Saudi Arabia Table of Contents
Saudi relations with Iraq have been the most problematic, vacillating from tension to de facto alliance to war. Throughout the 1960s and into the early 1970s, Riyadh had suspected Baghdad of supporting political movements hostile to Saudi interests, not only in the Arabian Peninsula but also in other Middle Eastern countries. Saudi-Iraqi ties consequently were strained; the kingdom tried to contain the spread of Iraqi radicalism by strengthening its relations with states such as Iran, Kuwait, Syria, and the United States, all of which shared its distrust of Baghdad. Beginning about 1975, however, Iraq began to moderate its foreign policies, a change that significantly lessened tensions between Riyadh and Baghdad. Saudi Arabia's diplomatic relations with Iraq were relatively cordial by the time the Iranian Islamic Revolution erupted in 1979.
The Saudis and Iraqis both felt threatened by the Iranian advocacy of exporting Islamic revolution, and this shared fear fostered an unprecedented degree of cooperation between them. Although Riyadh declared its neutrality at the outset of the Iran-Iraq War in 1980, it helped Baghdad in nonmilitary ways. For example, during the conflict's eight years, Saudi Arabia provided Iraq with an estimated US$25 billion in low-interest loans and grants, reserved for Iraqi customers part of its production from oil fields in the Iraq-Saudi Arabian Neutral Zone, and assisted with the construction of an oil pipeline to transport Iraqi oil across its territory (see External Boundaries , ch. 2).
Despite its considerable financial investment in creating a political alliance with Iraq, Saudi Arabia failed to acquire a long-term friend. On the contrary, in August 1990, only two years after Baghdad and Tehran had agreed to cease hostilities, Iraqi forces unexpectedly invaded and occupied Kuwait. From a Saudi perspective, Iraq's action posed a more direct and serious threat to its immediate security than the possibility of Iraniansupported subversion. The Saudis were genuinely frightened and requested the United States to bring troops into the kingdom to help confront the menace.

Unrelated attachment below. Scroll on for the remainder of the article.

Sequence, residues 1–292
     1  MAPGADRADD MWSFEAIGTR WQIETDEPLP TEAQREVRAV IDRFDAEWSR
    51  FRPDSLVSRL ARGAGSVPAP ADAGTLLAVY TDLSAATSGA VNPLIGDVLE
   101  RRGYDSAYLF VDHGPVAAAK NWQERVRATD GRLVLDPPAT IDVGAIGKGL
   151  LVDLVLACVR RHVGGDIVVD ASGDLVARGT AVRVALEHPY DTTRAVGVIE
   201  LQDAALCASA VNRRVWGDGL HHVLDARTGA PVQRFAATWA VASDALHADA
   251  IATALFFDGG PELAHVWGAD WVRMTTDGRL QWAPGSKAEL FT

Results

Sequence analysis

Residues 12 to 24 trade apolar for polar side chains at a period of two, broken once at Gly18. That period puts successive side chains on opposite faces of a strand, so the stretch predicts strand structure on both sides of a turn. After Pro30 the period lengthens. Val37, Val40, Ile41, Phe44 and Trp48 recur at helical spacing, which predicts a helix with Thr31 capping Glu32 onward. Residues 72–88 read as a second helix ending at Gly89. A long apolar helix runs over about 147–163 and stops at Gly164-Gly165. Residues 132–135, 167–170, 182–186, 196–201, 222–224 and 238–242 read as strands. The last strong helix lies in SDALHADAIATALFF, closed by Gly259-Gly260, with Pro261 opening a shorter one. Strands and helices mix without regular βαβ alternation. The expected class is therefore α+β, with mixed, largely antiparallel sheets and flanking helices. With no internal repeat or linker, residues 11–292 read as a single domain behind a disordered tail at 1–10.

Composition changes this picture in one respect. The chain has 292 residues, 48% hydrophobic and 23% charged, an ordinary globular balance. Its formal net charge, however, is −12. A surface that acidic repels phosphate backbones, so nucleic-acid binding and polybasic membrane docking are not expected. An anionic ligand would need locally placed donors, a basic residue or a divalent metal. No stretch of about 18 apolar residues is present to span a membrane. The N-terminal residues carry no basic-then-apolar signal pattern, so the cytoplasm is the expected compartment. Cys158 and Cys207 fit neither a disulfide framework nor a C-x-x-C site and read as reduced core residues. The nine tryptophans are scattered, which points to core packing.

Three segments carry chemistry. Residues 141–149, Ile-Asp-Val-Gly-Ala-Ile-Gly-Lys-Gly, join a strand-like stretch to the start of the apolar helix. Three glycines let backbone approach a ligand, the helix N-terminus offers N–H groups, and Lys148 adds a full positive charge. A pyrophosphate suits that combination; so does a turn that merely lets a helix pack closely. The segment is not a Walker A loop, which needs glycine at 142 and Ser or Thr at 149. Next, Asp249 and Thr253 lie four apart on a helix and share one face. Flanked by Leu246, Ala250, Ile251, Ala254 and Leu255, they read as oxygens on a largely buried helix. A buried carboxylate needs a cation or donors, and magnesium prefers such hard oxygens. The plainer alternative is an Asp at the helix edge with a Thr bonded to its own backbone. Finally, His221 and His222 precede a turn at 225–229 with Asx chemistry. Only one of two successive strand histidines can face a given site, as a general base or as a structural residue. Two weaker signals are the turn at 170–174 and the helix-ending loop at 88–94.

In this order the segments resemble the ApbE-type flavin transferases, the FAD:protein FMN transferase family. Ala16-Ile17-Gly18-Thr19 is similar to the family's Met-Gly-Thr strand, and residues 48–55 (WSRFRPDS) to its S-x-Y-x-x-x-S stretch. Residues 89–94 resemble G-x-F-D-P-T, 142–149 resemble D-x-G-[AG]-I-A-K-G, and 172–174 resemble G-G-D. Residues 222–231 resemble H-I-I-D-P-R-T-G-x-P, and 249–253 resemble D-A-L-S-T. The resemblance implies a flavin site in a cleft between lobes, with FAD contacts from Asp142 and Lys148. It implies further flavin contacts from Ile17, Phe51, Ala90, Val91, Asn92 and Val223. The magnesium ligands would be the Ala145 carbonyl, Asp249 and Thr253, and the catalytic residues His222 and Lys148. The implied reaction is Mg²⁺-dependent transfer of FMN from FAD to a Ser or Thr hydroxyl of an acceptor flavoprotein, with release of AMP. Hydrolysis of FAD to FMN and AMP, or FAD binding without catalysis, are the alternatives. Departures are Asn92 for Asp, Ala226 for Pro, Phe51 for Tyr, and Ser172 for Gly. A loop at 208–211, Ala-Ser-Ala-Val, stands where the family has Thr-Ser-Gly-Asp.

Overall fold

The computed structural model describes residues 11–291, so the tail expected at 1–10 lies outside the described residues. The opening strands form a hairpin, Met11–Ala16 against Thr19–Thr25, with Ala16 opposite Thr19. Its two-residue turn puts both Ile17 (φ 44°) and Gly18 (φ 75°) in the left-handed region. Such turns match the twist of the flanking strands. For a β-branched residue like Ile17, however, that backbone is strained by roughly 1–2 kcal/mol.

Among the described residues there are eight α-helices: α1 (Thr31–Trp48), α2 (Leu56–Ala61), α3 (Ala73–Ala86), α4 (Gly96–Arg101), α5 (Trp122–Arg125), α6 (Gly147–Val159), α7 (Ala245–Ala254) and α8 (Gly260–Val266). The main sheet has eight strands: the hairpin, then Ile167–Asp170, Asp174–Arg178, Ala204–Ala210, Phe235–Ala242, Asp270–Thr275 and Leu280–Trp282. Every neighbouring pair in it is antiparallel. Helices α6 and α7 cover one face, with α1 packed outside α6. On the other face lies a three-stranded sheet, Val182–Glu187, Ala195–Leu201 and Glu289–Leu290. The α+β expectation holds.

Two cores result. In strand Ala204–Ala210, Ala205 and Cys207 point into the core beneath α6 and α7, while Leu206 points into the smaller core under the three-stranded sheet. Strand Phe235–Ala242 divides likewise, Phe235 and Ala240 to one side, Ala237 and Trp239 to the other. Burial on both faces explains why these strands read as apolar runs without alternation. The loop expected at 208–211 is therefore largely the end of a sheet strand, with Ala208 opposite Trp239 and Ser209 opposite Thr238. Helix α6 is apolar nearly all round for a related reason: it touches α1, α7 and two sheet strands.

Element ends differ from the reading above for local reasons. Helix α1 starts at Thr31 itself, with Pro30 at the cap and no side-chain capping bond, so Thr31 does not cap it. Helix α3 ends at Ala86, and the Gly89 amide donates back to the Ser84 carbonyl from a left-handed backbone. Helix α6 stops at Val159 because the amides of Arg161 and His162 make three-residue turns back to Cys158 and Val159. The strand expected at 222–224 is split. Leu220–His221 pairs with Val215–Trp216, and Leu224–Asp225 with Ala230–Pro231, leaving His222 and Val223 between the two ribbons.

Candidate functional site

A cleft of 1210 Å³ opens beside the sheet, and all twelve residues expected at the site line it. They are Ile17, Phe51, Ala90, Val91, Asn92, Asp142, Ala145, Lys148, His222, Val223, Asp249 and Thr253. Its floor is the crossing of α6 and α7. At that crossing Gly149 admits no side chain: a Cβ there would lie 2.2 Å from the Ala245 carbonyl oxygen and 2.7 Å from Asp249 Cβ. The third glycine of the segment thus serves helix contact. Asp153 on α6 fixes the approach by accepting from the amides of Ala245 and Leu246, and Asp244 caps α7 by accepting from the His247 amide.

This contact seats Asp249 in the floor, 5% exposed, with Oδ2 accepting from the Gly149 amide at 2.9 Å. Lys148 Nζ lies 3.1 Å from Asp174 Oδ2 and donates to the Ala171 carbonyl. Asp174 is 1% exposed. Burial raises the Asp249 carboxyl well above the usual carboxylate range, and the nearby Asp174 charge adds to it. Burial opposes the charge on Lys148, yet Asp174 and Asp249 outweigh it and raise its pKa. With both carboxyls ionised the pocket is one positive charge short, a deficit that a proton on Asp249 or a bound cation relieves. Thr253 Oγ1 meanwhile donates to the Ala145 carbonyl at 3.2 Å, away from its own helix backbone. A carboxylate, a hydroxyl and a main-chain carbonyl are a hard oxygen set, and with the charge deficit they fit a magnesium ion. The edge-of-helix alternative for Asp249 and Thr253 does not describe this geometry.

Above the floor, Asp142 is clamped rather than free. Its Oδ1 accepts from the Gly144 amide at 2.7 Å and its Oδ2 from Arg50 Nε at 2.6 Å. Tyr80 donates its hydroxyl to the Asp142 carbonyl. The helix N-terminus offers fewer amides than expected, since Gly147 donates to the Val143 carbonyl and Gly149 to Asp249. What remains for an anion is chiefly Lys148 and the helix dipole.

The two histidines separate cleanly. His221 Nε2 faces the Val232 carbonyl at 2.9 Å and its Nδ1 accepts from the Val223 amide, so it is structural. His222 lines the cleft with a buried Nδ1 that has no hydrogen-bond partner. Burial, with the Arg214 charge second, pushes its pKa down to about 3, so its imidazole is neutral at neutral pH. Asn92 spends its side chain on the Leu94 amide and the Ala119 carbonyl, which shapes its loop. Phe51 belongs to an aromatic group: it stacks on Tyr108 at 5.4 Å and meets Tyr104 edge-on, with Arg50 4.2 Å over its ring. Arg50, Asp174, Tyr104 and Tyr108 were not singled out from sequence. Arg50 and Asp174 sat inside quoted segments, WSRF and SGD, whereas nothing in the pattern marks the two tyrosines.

Riyadh's fears concerning Baghdad's ultimate intentions prompted Saudi Arabia to become involved directly in the war against Iraq during January and February 1991. Although the United States was the principal military power in the coalition of forces that opposed Iraq, the kingdom's air bases served as main staging areas for aerial strikes against Iraqi targets, and personnel of the Saudi armed forces participated in both the bombing assaults and the ground offensive (see Persian Gulf War, 1991 , ch. 5). Iraq responded by firing several Scud-B missiles at Riyadh and other Saudi towns. This conflict marked the first time since its invasion of Yemen in 1934 that Saudi Arabia had fought against another Arab state. Saudi leaders were relieved when Iraq was defeated, but they also recognized that relations with Baghdad had been damaged as severely as Iraqi military equipment had been in the deserts of Kuwait and southern Iraq. Consequently, postwar Saudi policy focused on ways to contain potential Iraqi threats to the kingdom and the region. One element of Riyadh's containment policy included support for Iraqi opposition forces that advocated the overthrow of Saddam Husayn's government. In the past, backing for such groups had been discreet, but in early 1992 the Saudis invited several Iraqi opposition leaders to Riyadh to attend a well-publicized conference. To further demonstrate Saudi dissatisfaction with the regime in Baghdad, Crown Prince Abd Allah permitted the media to videotape his meeting with some of the opponents of Saddam Husayn.
Data as of December 1992